Practice the right skills.
Once you’ve mastered the proper shooting stance that will help you handle recoil, start to work on tempo and speed. Bear in mind that the biggest problem that high-volume shooting presents is variety. When you’ll see perhaps twenty birds flying to you all at once, it’s easy to get confused and just fire into the thick of things – a sure miss. Regular clay shooting games don’t prepare you for this – they’re arranged to help you focus on one, at most two, birds at a time. The best way to practice picking up one bird and focusing on killing it, ignoring the rest. is a “simulated driven game” course, that some shooting clubs offer. You can also get a decent imitation of a high-volume dove shoot by having a 5-stand to yourself and asking the operator to send birds from all stations at random a bit faster than you can reload.
Practice with the right equipment.
There are many add-ons that you can use to reduce the gun’s kick, from aftermarket recoil pads on stocks to padded shooting vests. They all work. However, surprisingly many hunters ignore the self-evident fact that you must practice with precisely the rig – up to hearing protection – that you’re planning to use on your high-volume shoot. And don’t forget to contact your outfitter and find out what will the weather be like when you’re there. The thickness of a warm jacket can make a big difference for your shooting stance.
The same is also true in case you find it easier to use a rental gun. Most lodges in Argentina offer a good selection of field-proven over/unders and semi-autos, usually by Beretta, Benelli and Browning, in 12, 20 and 28 gauges, and you’re almost certain to find something that will work for you. Still, it’s a good idea to contact your lodge (that’s easy to do with our chat system), learn what they have to offer, reserve the one that sounds right and find a way to practice with an identical gun.
“Fit” is not just the stock.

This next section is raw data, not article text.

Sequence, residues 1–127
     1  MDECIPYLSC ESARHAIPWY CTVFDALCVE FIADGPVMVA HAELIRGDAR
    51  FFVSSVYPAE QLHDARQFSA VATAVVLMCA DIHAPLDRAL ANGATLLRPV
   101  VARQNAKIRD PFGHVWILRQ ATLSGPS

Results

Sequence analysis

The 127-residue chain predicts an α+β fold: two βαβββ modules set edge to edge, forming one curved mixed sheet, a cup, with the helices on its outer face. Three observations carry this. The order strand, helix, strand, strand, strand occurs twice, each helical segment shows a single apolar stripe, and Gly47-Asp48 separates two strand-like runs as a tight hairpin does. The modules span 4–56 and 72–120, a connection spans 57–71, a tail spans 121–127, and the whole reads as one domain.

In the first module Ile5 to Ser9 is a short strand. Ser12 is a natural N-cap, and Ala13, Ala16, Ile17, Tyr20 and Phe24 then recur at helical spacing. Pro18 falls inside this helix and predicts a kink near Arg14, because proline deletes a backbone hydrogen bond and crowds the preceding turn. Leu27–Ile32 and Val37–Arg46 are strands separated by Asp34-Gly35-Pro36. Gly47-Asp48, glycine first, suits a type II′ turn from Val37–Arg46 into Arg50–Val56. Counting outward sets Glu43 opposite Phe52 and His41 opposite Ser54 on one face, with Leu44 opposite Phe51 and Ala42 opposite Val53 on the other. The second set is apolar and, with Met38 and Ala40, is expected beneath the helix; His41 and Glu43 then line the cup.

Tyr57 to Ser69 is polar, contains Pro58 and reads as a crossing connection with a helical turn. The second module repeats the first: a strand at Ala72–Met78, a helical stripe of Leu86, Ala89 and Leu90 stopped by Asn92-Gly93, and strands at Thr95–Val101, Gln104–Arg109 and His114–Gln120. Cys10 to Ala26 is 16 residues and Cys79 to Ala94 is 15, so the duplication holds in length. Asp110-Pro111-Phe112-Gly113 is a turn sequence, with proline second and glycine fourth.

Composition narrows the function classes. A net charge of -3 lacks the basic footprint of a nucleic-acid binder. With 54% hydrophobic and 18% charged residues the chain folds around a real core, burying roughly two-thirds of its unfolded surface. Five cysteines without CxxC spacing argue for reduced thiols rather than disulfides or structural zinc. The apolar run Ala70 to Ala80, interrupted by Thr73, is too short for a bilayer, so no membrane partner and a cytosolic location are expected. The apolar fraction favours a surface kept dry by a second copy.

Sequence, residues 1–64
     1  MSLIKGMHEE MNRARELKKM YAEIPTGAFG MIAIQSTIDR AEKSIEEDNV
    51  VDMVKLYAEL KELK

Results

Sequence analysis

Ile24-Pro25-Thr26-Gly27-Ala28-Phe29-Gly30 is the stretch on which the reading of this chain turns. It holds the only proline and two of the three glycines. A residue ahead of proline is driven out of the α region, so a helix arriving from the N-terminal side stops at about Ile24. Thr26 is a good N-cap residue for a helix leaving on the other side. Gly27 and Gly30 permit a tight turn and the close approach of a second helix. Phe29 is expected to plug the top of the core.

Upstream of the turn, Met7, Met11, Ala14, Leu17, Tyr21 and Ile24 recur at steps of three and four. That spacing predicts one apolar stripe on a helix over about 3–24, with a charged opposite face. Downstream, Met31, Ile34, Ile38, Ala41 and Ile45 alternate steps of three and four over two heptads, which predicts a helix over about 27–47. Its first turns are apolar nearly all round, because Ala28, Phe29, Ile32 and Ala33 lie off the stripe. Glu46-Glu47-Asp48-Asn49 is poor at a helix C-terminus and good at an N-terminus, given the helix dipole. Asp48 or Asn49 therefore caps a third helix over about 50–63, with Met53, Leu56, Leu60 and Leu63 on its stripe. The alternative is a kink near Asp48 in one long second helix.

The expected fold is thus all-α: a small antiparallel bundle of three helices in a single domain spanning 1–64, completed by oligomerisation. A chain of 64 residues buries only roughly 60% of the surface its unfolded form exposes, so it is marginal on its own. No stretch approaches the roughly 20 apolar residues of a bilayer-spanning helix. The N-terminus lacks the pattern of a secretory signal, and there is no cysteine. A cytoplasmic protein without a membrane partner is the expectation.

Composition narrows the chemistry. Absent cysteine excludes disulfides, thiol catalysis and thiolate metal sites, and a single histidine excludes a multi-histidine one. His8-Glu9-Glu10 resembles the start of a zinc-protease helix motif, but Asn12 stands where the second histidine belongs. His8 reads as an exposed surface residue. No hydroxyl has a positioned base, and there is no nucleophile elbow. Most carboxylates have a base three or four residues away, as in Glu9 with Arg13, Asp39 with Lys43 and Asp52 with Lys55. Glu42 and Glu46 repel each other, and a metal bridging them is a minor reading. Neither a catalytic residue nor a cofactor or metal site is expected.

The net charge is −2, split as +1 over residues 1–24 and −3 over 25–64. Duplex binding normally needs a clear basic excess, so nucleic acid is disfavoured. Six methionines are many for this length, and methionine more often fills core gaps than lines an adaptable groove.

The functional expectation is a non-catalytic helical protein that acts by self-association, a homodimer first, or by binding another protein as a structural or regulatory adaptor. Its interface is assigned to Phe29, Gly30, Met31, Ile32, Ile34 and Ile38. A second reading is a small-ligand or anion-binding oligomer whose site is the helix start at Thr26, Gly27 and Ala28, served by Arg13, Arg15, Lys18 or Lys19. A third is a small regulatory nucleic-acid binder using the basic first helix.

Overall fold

High volume shooting is not only about recoil management. You’ll get a lot of physical strain just from shouldering and swinging the gun. There may be more unpleasant surprises on the 1,000+ shot days – some shooters reported their muscles hurt from the motion of opening and closing the action; others developed blisters on their thumbs from pushing shells into the magazine. A game lodge will assign to you a number of ‘game boys’ – special attendants who help you with shooting and ensure safety – and it’s a viable option to take a pair of guns and ask one of the game boys to load for you (for an extra tip). Better yet, head for the gym and work on your arms and torso. Focus on stamina rather than strength, and remember you’re going to need a lot of flexibility too.
Don’t let missing worry you.
In high-volume shooting you’re bound to miss. A lot. Victorian ‘crack shots’, who kept accurate scores of their performance, found it was relatively easy to bring down over 90 birds with 100 shells – until the number of opportunities remained within a hundred or so. When they had over 250 birds a day to shoot at, they thought they were doing a good job with 66% of hits, and the best anyone could do on such a day was about 75% (this record, by the way, was set by a lady, Mary Russell “The Flying Duchess” of Bedford). Most people in Argentina can boast of much higher averages, but cynics say it is because the game boys who keep score know that a happy shooter leaves a bigger tip.